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Eight Dimensions of Pig Feed Intake

28 October 2016


Most articles on feed intake in wean-to-finish (W2F) analyze the effects of individual factors, such as water availability, feeder space, energy diet or stocking density on average daily gain (ADG) and feed conversion (FCR). However, it is important that producers understand how different factors that affect feed intake interact with each other and how they can be handled at the "slat" level with a goal of improving pig performance. The objective of this article is to review eight factors that impact feed intake in W2F operations and how these can be managed in the barn.

1) Feeder Space

Although many feeders have some type of feeder space division, they may not accurately reflect the true space requirements. Both pig weight and shoulder width determine the appropriate feeder space. Below is a table developed by Dr. Mike Brumm that describes the relationship between pig weight, shoulder width and individual feeder space requirements. Individual feeder space should be enough to allow a pig to freely eat but also be sufficient for other pigs to eat in their space at the same time. For example, if the feeder has 3 feeder spaces, ensure than 3 pigs can eat there at the same time. PIC recommends 15 inches for each single bunk space.

2-3) Linear Feeder Space and Stocking Density

The linear feeder space establishes how many pigs can be fed by a specific feeder. This measurement corresponds to the available inches of linear feeder space divided by the number of pigs per pen. In 2013, PIC conducted a study to understand the relationship between linear feeder space and stocking density. It was observed that the impact of linear feeder space on ADG and FCR was more important with higher stocking densities (6.36sqft /pig ) compared to pens with lower stocking densities (8.02 sqft/pig). However, in both cases the ADG and FCR were benefited by increasing feeder space. PIC recommends 8 pigs/dry feeder space (1.88-2 inch/pig ) and 12 pigs / wet-dry feeder space (1.25 inch/pig ).

4) Feeder Adjustment

There is a clear relationship between feeder adjustment, ADG and FCR. The more the feeder is adjusted towards the closed position, the FCR improves but ADG is reduced. This indicator defines how long a pig will use the feeder space. For example, if it is decided to work with 40% pan coverage and due to specific market reasons, there is a need to increase stocking density or market weight, each feeder will have higher feed demand therefore it could be of great help to increase pan coverage to reduce feeder competition.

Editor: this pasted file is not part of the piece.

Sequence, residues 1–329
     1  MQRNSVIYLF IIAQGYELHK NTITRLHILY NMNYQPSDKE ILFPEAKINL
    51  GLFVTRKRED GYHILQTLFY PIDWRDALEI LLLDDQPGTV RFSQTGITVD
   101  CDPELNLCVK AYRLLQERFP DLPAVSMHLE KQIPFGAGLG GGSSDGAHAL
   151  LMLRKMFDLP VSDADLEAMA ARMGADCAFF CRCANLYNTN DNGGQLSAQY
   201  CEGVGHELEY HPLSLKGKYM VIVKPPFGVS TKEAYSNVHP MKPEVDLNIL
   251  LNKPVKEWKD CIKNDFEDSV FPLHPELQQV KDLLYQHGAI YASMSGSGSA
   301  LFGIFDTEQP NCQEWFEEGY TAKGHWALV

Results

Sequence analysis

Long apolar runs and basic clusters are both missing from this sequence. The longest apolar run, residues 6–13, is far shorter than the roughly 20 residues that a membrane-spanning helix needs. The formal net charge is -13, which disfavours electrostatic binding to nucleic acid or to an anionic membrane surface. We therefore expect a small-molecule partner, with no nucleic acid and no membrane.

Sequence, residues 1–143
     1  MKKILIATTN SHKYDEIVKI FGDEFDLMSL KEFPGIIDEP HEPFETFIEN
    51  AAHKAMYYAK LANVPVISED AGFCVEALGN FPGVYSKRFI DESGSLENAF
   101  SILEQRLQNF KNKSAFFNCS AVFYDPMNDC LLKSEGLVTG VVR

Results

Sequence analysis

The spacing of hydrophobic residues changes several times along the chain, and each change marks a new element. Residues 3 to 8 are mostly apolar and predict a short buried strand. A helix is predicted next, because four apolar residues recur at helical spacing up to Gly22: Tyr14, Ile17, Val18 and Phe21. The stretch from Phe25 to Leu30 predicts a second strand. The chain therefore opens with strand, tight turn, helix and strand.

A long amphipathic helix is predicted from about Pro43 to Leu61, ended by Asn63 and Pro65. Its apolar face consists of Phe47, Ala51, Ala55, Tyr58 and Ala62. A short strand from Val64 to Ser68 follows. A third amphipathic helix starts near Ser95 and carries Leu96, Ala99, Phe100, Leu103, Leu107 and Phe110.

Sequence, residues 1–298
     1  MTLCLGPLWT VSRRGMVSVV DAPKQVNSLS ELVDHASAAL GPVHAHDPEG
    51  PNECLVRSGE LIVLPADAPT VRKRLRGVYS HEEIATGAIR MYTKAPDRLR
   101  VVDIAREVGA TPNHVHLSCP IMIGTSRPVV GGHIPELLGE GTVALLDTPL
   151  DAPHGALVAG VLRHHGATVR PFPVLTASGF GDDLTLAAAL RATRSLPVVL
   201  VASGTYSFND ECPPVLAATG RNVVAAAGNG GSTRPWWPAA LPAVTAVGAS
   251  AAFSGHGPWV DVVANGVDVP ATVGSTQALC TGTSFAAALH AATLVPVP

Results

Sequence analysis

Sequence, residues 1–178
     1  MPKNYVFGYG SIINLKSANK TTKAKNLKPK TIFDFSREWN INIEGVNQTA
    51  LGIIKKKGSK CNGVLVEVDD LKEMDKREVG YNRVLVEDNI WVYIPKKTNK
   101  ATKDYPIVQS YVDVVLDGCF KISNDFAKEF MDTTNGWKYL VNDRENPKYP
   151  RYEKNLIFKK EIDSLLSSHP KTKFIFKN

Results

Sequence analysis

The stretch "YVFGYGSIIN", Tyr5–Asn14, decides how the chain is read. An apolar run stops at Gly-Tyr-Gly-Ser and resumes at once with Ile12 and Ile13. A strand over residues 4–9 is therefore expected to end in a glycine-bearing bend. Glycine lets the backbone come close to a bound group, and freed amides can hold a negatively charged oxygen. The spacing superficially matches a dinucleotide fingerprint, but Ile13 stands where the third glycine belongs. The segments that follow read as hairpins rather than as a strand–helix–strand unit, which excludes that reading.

5) Water Availability

Feed intake depends on water intake, so ensuring good water access is a critical factor. Four important points to consider (PIC recommendations): 1) Pigs per drinker (10 pigs/drinker) 2) Water flow (1 lt. /min in W2F barns) 3) Drinker height (nipples should be at shoulder level) 4) Water pressure (15-40 PSI). It is important to consider the additional water demands incurred when stocking density or market weight are increased or the energy level of the diet is reduced. In the case of wet-dry feeders, it is recommended to use auxiliary drinkers when room temperatures are above 85F and pig weight is above 180lb to reduce the competition for water in the feeder.

6) Energy Level of the Diet

It is well known that diet energy level can affect the amount of feed intake in pigs. Therefore, it is important to keep the farm team updated because feeder management can easily be modified to adjust to those energy changes. For example, feeder pan coverage should be increased when there is a reduction in diet energy level due to pigs increasing their feed intake demands and corresponding feeder usage time. Often farms operate at the maximum drinker/pig ratio (to reduce waste of water) and a change in the energy level can cause problems by increasing demand for water and not having enough access to drinkers.

7) Genetics

Different genetic lines have different feed intake habits. Such habits are characterized by; 1) amount of feed consumed per day 2) number of feeder visits per day and 3) feed consumption time per visit. For example, when we compare genetic lines with high ADG versus low ADG we see that there are differences in their feed intake and eating behavior. Low intake lines generally make more frequent visits to the feeder and consume smaller meals per feeder visit. Thus, it is good to understand the feed intake of your genetic lines so you can manage the feeder settings accordingly. Feeder settings can be adjusted more tightly for low intake lines whereas higher intake lines need more liberal feeder setting adjustments to give them more access to feed in the trough.

8) Temperature

The impact of environmental temperature on pig performance is well known. Increases in temperature will negatively impact ADG, due to reduced feed intake. Conversely, lower temperatures will produce an energy loss due to pigs trying to maintain body heat. In this situation, pigs will have a good feed intake but will not have the expected weight gain. Room temperature depends on facility design, weight of pigs and if there is a comfort zone for weaned pigs during the first weeks on feed (achieving 95F below brooders in the center of the mat and each pig has 0.4 sqft of mat space). The PIC Wean to Finish manual has various references about temperature curves under different production scenarios. Changes in stocking density or market weight can affect the ventilation needs in barns and if the ventilation equipment is not set to maintain adequate air exchanges rates, production losses will occur, therefore changes in marketing strategies can be helpful in this situation. The below graph is a good example on how environmental temperature affects ADG, FCR and Feed Intake (Coffey et al., 1995).

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